Wisconsin Gov. Scott Walker, who was once considered one of the front-runners for the GOP presidential nomination in 2016, will announce that he is quitting the race at 6 p.m. Eastern time. That’s according to an initial report from The New York Times that has now been confirmed by the other sources.
“The short answer is money,” an anonymous supporter of Walker tells The Times. “He’s made a decision not to limp into Iowa.”
The writing on the wall for Walker came on Sunday, when a CNN/ORC poll shockingly had him at below one half of one percent in the polls.
As the governor of nearby Wisconsin, Walker had been pinning much of his hopes on winning in the state of Iowa, where the caucuses kick off the voting season next February. And for several months, Walker led in the polls in the Hawkeye State.
But the ascendance this summer of Donald Trump hurt Walker tremendously, and his poll numbers started dipping in Iowa over the past month. A Quinnipiac poll released last week in Iowa had Walker at just three percent, a 15 percentage-point drop in the polls since early July. That put him in eighth place there.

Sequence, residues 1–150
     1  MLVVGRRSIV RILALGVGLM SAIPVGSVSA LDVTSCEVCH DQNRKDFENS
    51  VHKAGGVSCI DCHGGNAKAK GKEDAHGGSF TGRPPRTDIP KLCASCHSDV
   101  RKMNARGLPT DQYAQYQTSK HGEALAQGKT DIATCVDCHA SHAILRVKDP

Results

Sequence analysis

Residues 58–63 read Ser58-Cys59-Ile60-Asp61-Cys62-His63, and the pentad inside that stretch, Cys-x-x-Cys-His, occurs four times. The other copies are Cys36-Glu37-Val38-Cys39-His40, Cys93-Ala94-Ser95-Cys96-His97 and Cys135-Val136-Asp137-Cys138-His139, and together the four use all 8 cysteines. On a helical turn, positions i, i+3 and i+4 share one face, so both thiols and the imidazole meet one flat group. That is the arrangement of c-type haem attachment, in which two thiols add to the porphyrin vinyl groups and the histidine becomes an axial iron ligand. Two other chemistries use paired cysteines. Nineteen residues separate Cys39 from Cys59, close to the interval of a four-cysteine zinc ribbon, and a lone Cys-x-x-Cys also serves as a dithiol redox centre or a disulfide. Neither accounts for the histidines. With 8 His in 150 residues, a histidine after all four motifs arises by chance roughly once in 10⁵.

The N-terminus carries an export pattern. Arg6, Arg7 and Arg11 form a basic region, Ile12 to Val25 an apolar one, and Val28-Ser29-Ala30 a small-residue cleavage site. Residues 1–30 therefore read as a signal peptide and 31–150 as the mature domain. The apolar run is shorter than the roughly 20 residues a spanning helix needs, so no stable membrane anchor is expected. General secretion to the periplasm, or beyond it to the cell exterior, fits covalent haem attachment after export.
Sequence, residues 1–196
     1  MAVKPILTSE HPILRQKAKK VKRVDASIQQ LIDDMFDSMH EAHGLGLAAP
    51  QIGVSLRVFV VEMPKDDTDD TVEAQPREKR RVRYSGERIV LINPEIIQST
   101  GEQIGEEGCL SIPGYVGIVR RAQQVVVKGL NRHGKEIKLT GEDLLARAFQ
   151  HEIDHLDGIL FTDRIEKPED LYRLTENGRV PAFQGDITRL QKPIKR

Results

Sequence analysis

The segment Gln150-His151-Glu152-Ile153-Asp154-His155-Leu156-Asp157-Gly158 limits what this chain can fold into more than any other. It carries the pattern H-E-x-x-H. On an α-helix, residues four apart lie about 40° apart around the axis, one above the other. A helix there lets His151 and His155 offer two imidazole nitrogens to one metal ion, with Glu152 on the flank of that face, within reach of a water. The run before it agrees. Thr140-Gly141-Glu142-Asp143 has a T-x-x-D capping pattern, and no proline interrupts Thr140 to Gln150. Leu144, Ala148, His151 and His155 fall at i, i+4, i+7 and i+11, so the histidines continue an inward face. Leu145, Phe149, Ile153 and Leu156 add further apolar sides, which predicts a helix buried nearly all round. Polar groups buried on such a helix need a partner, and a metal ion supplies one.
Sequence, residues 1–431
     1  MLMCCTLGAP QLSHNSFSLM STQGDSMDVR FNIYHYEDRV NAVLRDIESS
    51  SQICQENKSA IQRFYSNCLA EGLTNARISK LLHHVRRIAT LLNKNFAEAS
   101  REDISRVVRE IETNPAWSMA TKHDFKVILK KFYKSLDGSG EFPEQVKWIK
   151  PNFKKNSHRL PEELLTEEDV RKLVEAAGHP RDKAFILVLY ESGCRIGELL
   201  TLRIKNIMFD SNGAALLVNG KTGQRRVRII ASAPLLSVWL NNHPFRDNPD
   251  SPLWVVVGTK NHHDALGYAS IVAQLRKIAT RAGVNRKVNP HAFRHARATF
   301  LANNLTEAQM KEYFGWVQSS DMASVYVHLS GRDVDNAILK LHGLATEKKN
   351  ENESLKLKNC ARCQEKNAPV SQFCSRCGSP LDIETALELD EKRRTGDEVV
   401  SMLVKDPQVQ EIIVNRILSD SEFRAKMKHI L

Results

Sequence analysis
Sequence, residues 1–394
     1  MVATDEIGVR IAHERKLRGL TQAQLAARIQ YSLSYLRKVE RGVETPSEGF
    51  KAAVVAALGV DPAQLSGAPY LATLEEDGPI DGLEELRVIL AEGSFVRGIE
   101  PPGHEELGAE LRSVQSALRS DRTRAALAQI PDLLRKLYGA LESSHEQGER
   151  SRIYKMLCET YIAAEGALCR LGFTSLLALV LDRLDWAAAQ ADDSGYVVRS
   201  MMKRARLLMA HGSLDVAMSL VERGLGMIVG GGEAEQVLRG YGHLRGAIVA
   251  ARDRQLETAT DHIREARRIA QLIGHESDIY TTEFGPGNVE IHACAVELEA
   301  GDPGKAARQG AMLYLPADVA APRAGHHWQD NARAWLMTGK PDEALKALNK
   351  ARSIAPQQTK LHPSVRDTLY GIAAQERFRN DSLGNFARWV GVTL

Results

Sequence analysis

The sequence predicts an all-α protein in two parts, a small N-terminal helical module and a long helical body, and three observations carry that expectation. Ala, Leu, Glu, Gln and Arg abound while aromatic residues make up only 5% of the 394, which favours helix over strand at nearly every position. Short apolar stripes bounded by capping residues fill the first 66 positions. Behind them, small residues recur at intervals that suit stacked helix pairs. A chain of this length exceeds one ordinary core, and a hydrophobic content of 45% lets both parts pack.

Walker became a contender for the nomination after he won re-election for governor last year in Wisconsin. It was his third victory in four years in what he called a blue state. A year after being elected for his first term in 2010, he made severe changes to public sector collective bargaining in Wisconsin, known as Act 10. The uproar over those moves led to a recall election later in 2011. He won that recall election, a feat never before achieved by a sitting U.S. governor. The law virtually eliminated collective bargaining by public workers.
Walker thought that success would translate on the national level, but it didn’t move the needle for him. Last week he called for the end of public sector labor unions, abolishing the federal labor relations board and enacting a national right-to-work law as part of his plan to take his Wisconsin battle with labor unions to the White House.
That won’t be happening now. However, he does return to Wisconsin to serve out the remaining three years of his term. At 47, he certainly would seem to still have a future in American politics.